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And the winner is ...

Center-right parties hold on in European Parliament elections while extremist parties make gains.

Scandinavia showed support for maverick parties. In Finland, the top vote-getter in the entire election was an anti-EU campaigner, Timo Soini, head of a new eurosceptic party called the “True Finns,” while the largest three political parties each lost a seat. Neighboring Sweden is sending a pirate to Brussels. The Pirate Party, dedicated to Internet freedom, won 7.1 percent of the vote and will definitely have one seat, possibly even two when the dust clears.

But the loudest upstart of all, the Libertas party led by Irishman Declan Ganley, saw a very disappointing finish for its 531 candidates across 14 states. Not only did Ganley fail to win a seat (though he has demanded a recount), but the only seat Libertas and its affiliates are likely to win is one in France. Ganley had boasted of bringing in 100 MEPs to change the way Brussels does business.

Nonetheless, the latest count shows there are 93 other unaligned MEPs who are likely to do that. Most of these are eurosceptics and if they band together, they outnumber both the No. 3 pro-EU Liberals and the No. 4 Greens, whose members are not united on support for the Lisbon reform treaty, though generally are not anti-union.

EPP Chairman Joseph Daul confirmed he plans to nominate current European Commission President Jose Manuel Barroso for a second term, a privilege EPP earns as the largest party in the EP. While many Socialists have indicated in the past they are willing to support the conservative Barroso for the post, Watson said the Liberals “will have to be convinced” that Barroso’s platform is good enough, despite the lack of any other candidate at this point.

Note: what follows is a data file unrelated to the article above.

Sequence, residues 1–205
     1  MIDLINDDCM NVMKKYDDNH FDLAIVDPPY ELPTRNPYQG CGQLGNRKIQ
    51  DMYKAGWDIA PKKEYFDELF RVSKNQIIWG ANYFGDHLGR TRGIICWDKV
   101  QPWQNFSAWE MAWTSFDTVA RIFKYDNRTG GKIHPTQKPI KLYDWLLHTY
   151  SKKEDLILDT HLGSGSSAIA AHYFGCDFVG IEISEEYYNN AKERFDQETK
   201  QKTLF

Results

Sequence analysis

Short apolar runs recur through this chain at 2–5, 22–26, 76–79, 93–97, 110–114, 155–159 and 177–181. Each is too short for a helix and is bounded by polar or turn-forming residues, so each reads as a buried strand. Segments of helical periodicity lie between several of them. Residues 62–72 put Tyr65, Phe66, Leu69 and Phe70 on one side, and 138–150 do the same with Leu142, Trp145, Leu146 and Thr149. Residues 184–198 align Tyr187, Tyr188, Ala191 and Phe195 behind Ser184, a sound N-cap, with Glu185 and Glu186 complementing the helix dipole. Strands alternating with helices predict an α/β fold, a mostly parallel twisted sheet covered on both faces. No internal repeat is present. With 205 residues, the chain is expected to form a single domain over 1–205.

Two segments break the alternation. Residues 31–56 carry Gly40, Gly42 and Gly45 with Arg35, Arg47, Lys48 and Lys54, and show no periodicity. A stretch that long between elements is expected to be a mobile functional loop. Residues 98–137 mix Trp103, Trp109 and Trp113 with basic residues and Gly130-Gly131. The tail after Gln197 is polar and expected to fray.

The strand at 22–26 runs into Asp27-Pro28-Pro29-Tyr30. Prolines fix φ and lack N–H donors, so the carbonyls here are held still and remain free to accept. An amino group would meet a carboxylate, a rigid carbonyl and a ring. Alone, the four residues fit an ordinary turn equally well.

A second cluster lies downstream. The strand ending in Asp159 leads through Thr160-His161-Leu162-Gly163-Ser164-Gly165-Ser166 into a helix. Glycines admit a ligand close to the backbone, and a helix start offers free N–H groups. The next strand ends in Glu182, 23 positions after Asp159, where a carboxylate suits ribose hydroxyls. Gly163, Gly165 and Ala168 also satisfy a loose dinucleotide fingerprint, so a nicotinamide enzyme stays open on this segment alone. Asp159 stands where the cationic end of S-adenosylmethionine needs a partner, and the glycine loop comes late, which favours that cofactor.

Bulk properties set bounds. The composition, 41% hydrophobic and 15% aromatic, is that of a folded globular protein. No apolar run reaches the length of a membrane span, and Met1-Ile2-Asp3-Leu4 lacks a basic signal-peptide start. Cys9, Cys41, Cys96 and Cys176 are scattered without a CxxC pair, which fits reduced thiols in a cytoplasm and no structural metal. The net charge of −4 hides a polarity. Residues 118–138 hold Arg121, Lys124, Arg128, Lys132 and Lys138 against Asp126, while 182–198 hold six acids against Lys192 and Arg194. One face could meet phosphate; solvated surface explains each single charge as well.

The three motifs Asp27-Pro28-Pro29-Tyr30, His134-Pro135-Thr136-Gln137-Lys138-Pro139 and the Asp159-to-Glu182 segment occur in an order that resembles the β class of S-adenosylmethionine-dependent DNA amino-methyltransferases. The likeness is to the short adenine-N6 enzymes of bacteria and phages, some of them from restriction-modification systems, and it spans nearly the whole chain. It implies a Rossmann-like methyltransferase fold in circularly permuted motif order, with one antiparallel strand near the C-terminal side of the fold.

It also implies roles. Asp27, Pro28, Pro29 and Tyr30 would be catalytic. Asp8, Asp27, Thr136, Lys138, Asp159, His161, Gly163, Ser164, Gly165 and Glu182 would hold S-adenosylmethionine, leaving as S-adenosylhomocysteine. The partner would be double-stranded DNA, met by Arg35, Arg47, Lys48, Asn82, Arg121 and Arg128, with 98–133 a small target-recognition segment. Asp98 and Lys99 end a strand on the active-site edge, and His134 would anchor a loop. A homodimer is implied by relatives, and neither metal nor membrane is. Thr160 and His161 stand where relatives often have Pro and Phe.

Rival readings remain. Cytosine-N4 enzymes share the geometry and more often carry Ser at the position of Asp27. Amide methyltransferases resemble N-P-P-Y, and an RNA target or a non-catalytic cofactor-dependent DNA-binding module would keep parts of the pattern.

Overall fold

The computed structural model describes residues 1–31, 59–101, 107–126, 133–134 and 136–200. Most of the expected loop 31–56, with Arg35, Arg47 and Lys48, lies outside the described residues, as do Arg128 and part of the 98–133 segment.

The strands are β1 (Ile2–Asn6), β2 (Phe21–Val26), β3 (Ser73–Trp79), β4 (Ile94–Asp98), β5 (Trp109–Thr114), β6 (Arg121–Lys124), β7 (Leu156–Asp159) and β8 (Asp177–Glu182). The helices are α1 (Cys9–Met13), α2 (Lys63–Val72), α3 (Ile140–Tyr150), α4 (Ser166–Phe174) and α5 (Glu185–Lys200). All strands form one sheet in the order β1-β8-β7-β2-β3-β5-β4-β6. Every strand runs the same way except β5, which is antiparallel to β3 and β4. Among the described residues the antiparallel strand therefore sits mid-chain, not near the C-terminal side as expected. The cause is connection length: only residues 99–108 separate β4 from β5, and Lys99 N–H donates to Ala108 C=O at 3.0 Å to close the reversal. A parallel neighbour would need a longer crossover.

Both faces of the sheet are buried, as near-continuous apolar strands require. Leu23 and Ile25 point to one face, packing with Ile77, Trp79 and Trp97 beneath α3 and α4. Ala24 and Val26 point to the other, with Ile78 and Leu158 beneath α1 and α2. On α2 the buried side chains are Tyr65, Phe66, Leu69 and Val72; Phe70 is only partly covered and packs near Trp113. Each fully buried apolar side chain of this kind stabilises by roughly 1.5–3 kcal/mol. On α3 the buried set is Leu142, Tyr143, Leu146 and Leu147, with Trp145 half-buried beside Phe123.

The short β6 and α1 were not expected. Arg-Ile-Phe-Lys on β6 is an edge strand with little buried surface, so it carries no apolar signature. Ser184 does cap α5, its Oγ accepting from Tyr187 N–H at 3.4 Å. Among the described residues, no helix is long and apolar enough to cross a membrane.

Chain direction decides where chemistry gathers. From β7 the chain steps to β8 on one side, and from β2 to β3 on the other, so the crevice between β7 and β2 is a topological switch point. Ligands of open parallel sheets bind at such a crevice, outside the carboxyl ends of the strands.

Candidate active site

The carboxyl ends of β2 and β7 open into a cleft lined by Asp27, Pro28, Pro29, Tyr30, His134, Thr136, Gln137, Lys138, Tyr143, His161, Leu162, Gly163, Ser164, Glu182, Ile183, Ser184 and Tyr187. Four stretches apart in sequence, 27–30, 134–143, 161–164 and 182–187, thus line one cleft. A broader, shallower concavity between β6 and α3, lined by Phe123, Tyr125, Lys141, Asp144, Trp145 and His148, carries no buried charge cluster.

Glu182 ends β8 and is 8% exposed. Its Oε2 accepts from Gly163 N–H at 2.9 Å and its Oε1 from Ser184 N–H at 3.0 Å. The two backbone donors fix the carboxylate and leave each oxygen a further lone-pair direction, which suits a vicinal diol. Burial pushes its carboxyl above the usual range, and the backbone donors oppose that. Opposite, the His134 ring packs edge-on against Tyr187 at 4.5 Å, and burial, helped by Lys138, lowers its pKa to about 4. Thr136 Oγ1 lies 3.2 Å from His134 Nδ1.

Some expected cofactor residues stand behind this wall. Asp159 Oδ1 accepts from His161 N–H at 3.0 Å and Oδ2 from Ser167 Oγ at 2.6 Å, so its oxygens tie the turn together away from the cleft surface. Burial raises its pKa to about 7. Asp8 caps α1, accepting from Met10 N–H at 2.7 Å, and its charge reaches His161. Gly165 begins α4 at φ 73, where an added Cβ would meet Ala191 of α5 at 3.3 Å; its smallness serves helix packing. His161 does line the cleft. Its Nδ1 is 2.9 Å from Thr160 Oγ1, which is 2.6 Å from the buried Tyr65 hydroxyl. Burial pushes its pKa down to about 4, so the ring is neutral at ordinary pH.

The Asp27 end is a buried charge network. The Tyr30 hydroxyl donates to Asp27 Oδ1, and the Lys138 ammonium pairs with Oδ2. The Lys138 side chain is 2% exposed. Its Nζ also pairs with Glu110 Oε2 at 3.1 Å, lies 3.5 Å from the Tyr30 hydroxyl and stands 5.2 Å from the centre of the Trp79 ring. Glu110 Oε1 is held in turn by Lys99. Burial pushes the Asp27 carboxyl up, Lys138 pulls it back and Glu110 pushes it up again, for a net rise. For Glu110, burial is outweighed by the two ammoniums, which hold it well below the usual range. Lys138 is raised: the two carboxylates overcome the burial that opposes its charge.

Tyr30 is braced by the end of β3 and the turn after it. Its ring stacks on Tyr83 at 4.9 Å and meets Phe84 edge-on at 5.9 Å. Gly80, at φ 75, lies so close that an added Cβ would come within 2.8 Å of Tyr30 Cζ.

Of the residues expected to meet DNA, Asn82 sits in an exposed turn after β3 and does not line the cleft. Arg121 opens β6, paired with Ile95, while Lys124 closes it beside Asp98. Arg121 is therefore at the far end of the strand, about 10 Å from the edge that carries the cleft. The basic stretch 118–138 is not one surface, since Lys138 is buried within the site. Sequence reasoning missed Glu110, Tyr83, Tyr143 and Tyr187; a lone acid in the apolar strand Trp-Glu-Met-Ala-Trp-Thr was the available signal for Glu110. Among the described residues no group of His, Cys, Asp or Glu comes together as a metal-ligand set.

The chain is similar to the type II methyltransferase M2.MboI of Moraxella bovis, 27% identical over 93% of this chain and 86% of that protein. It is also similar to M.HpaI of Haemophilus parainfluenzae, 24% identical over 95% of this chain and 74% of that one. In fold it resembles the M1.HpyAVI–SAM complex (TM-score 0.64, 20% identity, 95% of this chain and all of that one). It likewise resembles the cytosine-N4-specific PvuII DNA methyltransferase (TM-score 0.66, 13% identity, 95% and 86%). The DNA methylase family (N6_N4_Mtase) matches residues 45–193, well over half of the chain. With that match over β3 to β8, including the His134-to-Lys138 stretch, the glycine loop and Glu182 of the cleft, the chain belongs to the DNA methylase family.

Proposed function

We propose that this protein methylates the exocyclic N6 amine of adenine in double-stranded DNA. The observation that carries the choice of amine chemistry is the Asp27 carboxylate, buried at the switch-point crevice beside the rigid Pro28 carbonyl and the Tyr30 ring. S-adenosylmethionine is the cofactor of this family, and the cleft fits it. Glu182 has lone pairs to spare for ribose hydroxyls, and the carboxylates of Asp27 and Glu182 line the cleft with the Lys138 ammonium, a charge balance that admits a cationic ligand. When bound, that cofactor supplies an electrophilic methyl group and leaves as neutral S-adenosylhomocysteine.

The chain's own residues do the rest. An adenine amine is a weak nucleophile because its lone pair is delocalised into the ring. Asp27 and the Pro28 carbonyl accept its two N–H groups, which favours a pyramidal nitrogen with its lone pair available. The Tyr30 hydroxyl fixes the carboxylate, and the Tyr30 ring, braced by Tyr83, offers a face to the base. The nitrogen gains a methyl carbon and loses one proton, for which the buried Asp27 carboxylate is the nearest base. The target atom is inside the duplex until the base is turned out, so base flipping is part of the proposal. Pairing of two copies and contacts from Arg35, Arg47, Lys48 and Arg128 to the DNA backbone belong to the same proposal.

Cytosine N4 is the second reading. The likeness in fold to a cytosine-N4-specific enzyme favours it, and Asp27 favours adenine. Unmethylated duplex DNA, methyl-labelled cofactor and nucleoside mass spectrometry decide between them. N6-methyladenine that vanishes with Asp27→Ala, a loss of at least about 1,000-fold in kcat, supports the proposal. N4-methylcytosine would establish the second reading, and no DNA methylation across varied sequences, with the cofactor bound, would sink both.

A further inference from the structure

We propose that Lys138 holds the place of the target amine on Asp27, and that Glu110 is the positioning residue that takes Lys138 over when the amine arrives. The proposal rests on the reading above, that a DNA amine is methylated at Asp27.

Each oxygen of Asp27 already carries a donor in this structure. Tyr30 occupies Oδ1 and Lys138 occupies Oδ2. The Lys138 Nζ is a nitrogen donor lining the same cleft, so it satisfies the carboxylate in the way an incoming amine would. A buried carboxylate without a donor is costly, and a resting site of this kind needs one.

Nothing is likely to happen on naming a new commission, however, until after Ireland takes a new vote on the Lisbon treaty, expected in October. Ganley, who led opposition to the treaty in the first poll, has said he will not play a role in the second vote if he doesn’t win an EP seat, which now looks to be the case. Recent polls show the treaty likely to pass an Irish vote, this time irrelevant of Ganley's political fate, which could lead to final approval by the Czech and Polish governments which are also holding up its implementation pending the Irish result.

Watson, who is resigning as group chair to run for president of the new parliament, wasted no time in using the low turnout figures to promote his ideas about how to interest more people in voting next time. He advocates making an existing European news channel, Euronews, an official public broadcaster entrusted with bringing more information on EU institutions to the public as well as choosing the raft of European commissioners from the EP. Watson says that way voters would feel like they have more direct influence and therefore be more motivated to cast a ballot.

See here for a roundup of the results from GlobalPost's correspondents across the EU.

Read more about the elections:

Reasons to care about the European Parliament elections

Brussels warily watches voter turnout decline

The European Parliament elections as beauty pageant